Researchers have developed a novel 'disease-in-a-dish' model to study the basic molecular factors that lead to the development of type 2 diabetes, uncovering the potential existence of major signaling defects both inside and outside of the classical insulin signaling cascade, and providing new perspectives on the mechanisms behind insulin resistance in type 2 diabetes and possibly opportunities for the development of novel therapeutics for the disease.

    Tele-diabetes to manage new-onset diabetes during COVID-19 pandemic
    Two new case studies highlight the use of tele-diabetes to manage new-onset type 1 diabetes in an adult and an infant during the COVID-19 pandemic.

    Genetic profile may predict type 2 diabetes risk among women with gestational diabetes
    Women who go on to develop type 2 diabetes after having gestational, or pregnancy-related, diabetes are more likely to have particular genetic profiles, suggests an analysis by researchers at the National Institutes of Health and other institutions.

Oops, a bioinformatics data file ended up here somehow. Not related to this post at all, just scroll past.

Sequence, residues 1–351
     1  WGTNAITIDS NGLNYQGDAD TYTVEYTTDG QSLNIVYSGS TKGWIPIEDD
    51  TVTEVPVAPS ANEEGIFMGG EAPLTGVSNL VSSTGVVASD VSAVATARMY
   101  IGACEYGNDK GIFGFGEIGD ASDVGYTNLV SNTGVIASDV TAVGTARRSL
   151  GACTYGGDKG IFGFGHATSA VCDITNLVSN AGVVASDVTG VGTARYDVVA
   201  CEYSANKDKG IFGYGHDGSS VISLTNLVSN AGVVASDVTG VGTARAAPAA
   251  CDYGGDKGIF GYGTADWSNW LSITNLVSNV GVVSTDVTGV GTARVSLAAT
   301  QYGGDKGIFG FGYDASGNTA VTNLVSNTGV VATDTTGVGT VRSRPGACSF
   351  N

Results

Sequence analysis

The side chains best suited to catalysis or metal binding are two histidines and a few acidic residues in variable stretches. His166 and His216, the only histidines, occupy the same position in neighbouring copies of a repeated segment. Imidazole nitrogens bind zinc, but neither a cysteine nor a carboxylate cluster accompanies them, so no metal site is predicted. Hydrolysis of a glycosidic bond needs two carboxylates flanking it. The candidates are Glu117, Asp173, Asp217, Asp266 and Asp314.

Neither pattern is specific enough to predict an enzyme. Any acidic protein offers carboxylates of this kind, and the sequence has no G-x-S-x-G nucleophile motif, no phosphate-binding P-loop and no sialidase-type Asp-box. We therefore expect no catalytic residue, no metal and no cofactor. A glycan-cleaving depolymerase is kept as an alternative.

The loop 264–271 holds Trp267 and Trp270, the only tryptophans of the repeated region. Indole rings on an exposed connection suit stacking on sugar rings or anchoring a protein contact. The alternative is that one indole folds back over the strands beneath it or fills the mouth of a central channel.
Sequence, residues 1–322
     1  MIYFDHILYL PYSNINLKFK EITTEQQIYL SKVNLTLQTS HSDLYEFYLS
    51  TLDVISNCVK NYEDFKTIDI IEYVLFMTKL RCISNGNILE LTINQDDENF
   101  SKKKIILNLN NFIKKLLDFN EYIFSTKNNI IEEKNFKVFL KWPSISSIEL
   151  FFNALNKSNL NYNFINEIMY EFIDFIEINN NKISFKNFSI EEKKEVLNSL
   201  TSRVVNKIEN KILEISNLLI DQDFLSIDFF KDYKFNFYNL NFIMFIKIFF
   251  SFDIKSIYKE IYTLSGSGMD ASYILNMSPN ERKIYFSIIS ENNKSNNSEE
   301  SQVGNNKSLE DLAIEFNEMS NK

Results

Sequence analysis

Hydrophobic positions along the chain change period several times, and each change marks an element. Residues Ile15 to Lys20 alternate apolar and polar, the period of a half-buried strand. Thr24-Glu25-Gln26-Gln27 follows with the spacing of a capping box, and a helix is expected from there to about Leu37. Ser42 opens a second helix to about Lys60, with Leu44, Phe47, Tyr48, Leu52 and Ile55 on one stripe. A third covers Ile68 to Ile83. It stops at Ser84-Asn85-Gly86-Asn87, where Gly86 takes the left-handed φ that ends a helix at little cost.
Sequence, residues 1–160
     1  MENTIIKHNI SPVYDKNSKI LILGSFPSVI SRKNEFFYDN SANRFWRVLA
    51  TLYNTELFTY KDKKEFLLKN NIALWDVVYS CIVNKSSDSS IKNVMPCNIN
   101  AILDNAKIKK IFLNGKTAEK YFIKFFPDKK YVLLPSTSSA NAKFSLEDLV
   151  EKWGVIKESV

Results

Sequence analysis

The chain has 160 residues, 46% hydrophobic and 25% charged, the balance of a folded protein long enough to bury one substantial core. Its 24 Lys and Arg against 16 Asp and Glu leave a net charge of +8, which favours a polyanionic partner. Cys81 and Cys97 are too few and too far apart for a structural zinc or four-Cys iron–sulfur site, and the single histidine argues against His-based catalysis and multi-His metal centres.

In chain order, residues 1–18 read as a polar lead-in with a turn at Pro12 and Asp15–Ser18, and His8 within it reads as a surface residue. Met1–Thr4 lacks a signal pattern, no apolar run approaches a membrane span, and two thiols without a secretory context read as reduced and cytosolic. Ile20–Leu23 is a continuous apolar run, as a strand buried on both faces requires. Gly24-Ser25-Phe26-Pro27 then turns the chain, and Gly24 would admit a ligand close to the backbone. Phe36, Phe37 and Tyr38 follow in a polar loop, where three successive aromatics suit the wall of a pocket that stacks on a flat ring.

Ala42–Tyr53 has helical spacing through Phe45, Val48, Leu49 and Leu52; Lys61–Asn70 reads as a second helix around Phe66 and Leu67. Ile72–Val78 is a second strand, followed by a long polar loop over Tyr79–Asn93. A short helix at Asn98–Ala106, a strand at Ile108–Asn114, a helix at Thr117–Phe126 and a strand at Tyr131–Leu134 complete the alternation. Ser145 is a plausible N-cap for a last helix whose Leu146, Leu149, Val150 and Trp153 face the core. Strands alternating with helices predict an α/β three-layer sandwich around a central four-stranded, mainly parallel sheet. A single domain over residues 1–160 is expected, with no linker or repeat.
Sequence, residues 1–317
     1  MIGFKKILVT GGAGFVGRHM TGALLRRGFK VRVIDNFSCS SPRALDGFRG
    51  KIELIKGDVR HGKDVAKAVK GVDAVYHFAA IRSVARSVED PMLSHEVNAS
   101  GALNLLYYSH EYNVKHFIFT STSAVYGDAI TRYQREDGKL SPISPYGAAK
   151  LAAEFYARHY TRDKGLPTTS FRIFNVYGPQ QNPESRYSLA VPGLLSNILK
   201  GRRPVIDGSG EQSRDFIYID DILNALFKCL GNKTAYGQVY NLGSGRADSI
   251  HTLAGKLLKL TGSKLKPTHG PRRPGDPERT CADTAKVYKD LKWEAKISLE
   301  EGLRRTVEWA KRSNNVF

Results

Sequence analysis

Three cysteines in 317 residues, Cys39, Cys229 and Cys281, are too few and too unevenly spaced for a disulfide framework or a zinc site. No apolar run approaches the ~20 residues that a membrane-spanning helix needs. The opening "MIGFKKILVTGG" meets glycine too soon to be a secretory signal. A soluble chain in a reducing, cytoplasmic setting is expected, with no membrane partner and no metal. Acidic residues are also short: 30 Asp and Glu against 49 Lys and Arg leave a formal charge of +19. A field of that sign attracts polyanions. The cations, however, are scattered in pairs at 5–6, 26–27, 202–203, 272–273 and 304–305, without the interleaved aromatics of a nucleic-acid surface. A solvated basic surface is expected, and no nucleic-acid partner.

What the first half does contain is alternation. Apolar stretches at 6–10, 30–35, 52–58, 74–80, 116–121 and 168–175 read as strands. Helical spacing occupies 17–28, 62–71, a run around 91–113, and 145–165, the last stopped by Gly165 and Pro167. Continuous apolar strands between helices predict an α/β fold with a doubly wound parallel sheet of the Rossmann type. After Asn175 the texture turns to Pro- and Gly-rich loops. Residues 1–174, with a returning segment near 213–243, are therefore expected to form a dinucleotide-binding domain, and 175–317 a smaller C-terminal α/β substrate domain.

Maternal gestational diabetes linked to diabetes in children
    Children and youth of mothers who had gestational diabetes during pregnancy are at increased risk of diabetes themselves, according to new research published in CMAJ (Canadian Medical Association Journal).

    Two diabetes medications don't slow progression of type 2 diabetes in youth
    In youth with impaired glucose tolerance or recent-onset type 2 diabetes, neither initial treatment with long-acting insulin followed by the drug metformin, nor metformin alone preserved the body's ability to make insulin, according to results published online June 25 in Diabetes Care.

    People with diabetes visit the dentist less frequently despite link between diabetes, oral health
    Adults with diabetes are less likely to visit the dentist than people with prediabetes or without diabetes, finds a new study led by researchers at NYU Rory Meyers College of Nursing and East Carolina University's Brody School of Medicine.

    Read More: Diabetes News and Diabetes Current Events
  • Brightsurf.com is a participant in the Amazon Services LLC Associates Program, an affiliate advertising program designed to provide a means for sites to earn advertising fees by advertising and linking to Amazon.com.